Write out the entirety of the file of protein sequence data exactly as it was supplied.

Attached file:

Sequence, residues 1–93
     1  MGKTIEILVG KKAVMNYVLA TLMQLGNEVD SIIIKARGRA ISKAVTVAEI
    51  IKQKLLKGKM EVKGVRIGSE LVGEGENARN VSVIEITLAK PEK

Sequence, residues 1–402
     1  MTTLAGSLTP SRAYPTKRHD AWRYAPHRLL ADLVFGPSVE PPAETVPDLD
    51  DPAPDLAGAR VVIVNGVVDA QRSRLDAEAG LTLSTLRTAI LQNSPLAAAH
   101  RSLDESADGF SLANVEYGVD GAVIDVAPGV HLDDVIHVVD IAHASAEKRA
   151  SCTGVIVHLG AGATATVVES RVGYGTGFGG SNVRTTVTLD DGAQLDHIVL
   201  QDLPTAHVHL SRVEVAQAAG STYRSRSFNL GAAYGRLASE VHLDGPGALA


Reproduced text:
Sequence, residues 1–93
     1  MGKTIEILVG KKAVMNYVLA TLMQLGNEVD SIIIKARGRA ISKAVTVAEI
    51  IKQKLLKGKM EVKGVRIGSE LVGEGENARN VSVIEITLAK PEK

Sequence, residues 1–402
     1  MTTLAGSLTP SRAYPTKRHD AWRYAPHRLL ADLVFGPSVE PPAETVPDLD
    51  DPAPDLAGAR VVIVNGVVDA QRSRLDAEAG LTLSTLRTAI LQNSPLAAAH
   101  RSLDESADGF SLANVEYGVD GAVIDVAPGV HLDDVIHVVD IAHASAEKRA
   151  SCTGVIVHLG AGATATVVES RVGYGTGFGG SNVRTTVTLD DGAQLDHIVL
   201  QDLPTAHVHL SRVEVAQAAG STYRSRSFNL GAAYGRLASE VHLDGPGALA